Tyler Runsten

Volume 72, Issue 4, 1313-1346

As climate change regulation from the federal level becomes increasingly unlikely, states and local governments emerge as the last stand against climate change in the United States. This tension ushers in questions of separation of powers and federalism, with which the courts have wrestled since the country’s founding. The doctrine of preemption is one of the federal government’s strongest tools to limit states’ authority to regulate climate change. Preemption challenges have been increasing lately and have largely succeeded under judicial deference to the executive branch. However, recent changes to the Supreme Court signal that the Court may be less willing to grant to the executive branch the same deference that it once gave. There may now be more of an opportunity for legislators to enact regulation at the state and local level.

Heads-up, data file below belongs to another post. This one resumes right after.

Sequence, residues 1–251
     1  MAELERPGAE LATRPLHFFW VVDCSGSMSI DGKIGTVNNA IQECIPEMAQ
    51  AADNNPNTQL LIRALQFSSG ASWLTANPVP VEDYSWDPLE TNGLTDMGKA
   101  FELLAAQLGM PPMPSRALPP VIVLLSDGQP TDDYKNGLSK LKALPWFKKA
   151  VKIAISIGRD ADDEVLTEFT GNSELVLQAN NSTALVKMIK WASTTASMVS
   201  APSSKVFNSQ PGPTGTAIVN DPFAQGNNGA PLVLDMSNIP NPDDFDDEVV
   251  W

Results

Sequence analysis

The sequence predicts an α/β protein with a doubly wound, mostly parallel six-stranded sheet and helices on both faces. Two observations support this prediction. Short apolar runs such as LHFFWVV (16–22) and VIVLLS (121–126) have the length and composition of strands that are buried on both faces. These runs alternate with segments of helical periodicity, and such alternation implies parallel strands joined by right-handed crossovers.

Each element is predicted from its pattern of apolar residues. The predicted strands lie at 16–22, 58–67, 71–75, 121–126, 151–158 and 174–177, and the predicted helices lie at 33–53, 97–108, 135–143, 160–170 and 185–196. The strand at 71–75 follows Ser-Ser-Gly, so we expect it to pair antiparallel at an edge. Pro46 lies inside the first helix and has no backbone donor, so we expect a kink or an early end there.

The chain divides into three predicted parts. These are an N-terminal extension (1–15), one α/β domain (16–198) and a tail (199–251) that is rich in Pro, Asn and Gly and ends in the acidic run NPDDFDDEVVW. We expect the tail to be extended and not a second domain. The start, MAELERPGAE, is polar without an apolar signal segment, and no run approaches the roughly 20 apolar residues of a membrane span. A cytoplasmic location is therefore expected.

If preemption is out of the question, there are other constitutional considerations that state and local lawmakers should keep in mind, most notably the dormant Commerce Clause. States such as California and Oregon, in their regulation of carbon emissions from automobiles, have already faced these challenges. But if preemption claims become less successful, dormant Commerce Clause challenges will likely increase. Recent Ninth Circuit decisions shed light on what state legislatures should consider when enacting similar environmentally protective statutes. Specifically, the principles of extraterritoriality and virtual representation guide how a state should frame its regulatory program.